What You Should Know About Tortilla Presses
It’s important to note that tortilla presses are for corn tortillas only. Flour tortillas are best rolled with a rolling pin, as the gluten network starts to shrink up as soon as it leaves the press.
A tortilla press is simply two flat surfaces joined together by a handle. When the press is closed, the handle exerts pressure onto the plates, transforming a round dough ball into a flat disc. These presses can be made from anything, but traditional Mexican presses are made with wood.
The wooden models are rarely round, and their bulk can make them awkward and cumbersome to use. Cast iron presses are another great option, with the same heft of wood but a significantly smaller profile. You’ll also find aluminum and plastic presses, which are lightweight but require more force to use.
There are also electric models designed to cook and press the tortillas in one fell swoop. We’ve found that these gadgets rarely create restaurant-quality tortillas as they’re also designed to make everything from flatbreads to pancakes. So, we focused on the manual models and cooked each tortilla on pre-heated cast-iron cookware.
Other Tortilla Presses We Tested
Central Coast Woodworks 8" Hardwood Tortilla Press (Red Oak & Walnut)
There’s no denying that the Central Coast Woodworks 8" Hardwood Tortilla Press would make a gorgeous addition to your kitchen. Made from red oak and walnut, this sturdy press weighed in at 6 pounds and was less intimidating than the other wooden tortilla presses we tested.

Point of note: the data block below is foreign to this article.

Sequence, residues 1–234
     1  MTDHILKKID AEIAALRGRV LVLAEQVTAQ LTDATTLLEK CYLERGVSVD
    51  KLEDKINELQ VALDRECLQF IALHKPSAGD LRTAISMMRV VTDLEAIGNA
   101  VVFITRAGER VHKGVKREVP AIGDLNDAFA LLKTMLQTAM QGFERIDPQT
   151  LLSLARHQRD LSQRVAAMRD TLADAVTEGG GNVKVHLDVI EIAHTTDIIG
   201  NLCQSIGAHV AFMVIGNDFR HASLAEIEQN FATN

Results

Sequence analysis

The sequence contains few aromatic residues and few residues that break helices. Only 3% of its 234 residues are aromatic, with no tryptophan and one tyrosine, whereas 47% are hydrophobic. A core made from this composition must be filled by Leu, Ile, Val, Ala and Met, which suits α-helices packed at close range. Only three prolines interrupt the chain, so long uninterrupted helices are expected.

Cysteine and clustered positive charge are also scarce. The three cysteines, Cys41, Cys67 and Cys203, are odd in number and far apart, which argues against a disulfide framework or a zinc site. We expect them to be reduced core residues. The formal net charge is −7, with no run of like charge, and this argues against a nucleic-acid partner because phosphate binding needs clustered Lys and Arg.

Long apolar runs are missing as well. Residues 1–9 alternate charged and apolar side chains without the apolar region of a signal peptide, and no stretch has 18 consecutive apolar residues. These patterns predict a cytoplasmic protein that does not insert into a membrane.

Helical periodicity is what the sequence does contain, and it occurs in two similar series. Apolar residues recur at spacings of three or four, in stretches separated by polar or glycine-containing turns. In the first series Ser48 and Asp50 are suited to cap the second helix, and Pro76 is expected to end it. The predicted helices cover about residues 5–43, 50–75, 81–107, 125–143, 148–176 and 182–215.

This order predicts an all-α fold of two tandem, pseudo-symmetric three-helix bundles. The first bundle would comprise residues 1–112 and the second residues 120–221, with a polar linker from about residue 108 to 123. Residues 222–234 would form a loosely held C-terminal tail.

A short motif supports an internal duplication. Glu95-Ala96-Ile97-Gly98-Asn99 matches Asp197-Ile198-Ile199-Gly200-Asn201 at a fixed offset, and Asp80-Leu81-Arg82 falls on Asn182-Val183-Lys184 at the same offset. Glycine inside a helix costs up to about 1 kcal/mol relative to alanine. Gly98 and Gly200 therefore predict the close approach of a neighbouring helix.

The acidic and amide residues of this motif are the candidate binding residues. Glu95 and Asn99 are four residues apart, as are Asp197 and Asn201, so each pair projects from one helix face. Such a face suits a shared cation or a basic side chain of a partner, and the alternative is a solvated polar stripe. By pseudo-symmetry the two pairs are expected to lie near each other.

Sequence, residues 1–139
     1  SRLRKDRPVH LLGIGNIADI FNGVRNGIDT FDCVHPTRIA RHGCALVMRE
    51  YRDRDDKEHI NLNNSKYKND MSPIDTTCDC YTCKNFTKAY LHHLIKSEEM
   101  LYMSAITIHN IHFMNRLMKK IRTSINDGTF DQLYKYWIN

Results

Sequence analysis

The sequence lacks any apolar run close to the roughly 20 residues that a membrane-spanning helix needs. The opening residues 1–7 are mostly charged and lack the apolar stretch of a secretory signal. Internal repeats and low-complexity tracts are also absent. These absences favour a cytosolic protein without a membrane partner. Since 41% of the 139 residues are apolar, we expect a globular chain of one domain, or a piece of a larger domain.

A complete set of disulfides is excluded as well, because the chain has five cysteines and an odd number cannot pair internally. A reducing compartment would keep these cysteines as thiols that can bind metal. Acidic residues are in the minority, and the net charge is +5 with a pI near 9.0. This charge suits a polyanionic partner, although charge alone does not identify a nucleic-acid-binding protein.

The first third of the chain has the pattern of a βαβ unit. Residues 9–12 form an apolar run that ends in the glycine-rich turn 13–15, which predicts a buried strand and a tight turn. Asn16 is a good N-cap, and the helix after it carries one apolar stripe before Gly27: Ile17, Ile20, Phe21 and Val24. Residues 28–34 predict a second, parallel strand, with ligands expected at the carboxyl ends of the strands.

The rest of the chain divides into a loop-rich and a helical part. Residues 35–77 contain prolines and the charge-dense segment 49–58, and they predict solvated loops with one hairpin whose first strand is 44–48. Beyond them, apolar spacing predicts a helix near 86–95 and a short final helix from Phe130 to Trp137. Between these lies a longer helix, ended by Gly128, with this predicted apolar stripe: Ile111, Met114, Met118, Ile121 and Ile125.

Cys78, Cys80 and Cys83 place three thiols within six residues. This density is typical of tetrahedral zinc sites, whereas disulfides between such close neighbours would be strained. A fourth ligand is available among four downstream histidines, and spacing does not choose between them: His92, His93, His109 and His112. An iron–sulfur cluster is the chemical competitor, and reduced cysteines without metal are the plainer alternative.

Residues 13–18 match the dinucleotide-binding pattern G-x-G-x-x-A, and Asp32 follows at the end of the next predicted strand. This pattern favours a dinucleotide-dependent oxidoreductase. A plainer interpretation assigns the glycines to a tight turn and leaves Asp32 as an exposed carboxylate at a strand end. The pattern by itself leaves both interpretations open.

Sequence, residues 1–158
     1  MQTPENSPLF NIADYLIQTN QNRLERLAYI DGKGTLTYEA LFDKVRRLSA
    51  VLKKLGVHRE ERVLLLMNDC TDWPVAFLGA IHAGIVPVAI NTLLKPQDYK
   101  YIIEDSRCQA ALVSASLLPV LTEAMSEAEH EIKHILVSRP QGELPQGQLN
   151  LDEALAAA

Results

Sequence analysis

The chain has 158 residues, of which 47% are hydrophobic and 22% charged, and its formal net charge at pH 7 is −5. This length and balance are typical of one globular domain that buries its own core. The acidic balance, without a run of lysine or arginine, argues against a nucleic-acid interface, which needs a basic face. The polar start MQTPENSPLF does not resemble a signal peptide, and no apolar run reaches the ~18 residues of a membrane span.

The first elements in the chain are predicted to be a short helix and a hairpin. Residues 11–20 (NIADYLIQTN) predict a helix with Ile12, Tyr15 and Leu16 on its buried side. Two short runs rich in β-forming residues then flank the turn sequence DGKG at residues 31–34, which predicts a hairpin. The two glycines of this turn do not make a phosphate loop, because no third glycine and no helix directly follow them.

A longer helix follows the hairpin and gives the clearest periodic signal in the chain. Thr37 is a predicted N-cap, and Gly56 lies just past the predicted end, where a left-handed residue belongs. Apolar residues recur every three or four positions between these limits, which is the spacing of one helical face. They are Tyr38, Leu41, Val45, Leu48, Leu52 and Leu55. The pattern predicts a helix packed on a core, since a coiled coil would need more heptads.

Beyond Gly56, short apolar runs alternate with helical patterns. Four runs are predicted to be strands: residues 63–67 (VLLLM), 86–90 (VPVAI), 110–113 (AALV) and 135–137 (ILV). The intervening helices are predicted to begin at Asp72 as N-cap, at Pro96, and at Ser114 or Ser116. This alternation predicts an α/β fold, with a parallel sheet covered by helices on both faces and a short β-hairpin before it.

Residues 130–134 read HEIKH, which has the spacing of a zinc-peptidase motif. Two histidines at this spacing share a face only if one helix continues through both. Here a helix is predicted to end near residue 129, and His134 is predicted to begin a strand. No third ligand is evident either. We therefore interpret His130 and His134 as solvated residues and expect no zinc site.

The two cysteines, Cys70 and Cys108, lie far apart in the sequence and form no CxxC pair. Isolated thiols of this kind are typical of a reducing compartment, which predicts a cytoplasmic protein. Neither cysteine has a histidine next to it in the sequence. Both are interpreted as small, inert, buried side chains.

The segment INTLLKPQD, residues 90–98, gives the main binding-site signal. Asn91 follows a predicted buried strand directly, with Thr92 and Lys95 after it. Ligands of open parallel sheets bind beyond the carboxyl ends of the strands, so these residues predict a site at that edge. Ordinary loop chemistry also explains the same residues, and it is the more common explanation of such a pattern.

Its heavy plates squeezed the masa balls with ease, creating perfect tortillas that were thin and uniform on the first pressing. We also appreciated that the design kept the handle at an angle as you loaded the next dough ball, preventing it from crashing down and slowing down the process.
While it doesn’t come cheap, it’s also handmade in California and would definitely become a talking piece in your kitchen. If a traditional wooden tortilla press is what you’re after, this is the one to get.
This product is handmade and thus has limited stock.
Like the other wooden press, the La Mexicana Mesquite Tortilla Press had no problem flattening our dough balls on the first try. The press was the heaviest model clocking in at an impressive 10 pounds, and it also created some of the thinnest tortillas in the testing group.
While we were perfectly happy with the results, the pressing process itself wasn’t our favorite. The thick, wooden plates were awkward to grip and separate, and the handle kept falling down every time we opened the press. This slowed down the pressing to 30 seconds per tortilla as compared to the 10 seconds of the winning press.
We would be happy to work with this press again, but it was also so large that it would be difficult to store. At the end of the day, we would prefer to use one of the other top-rated models.
As compared to the cast-iron and wooden models, the aluminum HIC 6-Inch Tortilla Press simply couldn’t compete. It was lightweight and flimsy, and it required an excessive amount of pressure to press the dough into a flat tortilla.
We weren’t able to make tortillas anywhere near as thin as the winning press, and the resulting disc was thicker on one side if we didn't rotate the tortilla and press it a second time. All in all, we’d much rather spend a few extra bucks on a better quality press.
Like the other aluminum presses, the Imusa 8-Inch Aluminum Tortilla Press wasn’t our favorite. We appreciated the 8-inch pressing surface, which prevented the dough from squeezing out the sides if it wasn't perfectly centered, but this lightweight press required so much pressure that we thought we might snap the handle! When the tortillas all turned out uneven, we knew we had to pass on this one.
If we weren’t thrilled with the other aluminum presses, we certainly weren’t impressed with the Norpro 6-Inch tortilla maker. It created thick, uneven tortillas that took a lot of pressure to create. The tortillas didn’t taste or look great, so we'd rather avoid using this model in the future.